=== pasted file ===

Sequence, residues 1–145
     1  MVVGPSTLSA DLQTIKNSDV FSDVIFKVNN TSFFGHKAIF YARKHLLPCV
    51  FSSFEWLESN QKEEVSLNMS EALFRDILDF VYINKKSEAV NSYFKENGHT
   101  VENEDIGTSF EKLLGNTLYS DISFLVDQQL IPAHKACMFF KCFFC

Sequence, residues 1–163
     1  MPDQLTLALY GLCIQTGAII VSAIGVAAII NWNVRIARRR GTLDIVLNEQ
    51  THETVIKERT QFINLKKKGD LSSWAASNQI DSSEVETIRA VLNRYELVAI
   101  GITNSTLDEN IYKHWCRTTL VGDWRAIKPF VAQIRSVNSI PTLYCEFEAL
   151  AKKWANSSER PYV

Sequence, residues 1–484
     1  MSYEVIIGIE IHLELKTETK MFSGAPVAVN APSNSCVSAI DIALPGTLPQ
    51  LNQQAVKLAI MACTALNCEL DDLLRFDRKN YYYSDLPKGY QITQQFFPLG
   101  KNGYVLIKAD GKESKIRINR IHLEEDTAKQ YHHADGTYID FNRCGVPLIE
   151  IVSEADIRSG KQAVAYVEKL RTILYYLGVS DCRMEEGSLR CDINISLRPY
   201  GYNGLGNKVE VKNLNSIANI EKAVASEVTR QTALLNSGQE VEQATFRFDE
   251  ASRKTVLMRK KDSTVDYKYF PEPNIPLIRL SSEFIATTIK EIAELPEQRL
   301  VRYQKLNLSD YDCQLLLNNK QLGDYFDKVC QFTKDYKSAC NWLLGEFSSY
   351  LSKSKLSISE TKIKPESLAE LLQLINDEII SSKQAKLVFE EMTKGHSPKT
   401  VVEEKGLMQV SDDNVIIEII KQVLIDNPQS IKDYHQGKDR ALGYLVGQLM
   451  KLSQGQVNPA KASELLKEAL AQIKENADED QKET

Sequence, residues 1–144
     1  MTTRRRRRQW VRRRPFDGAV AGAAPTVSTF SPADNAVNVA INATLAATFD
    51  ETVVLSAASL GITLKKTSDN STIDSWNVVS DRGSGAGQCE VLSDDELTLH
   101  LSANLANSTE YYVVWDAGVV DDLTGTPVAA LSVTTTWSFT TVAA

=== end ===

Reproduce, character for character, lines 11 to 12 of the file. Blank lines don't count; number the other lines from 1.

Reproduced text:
     1  MSYEVIIGIE IHLELKTETK MFSGAPVAVN APSNSCVSAI DIALPGTLPQ
    51  LNQQAVKLAI MACTALNCEL DDLLRFDRKN YYYSDLPKGY QITQQFFPLG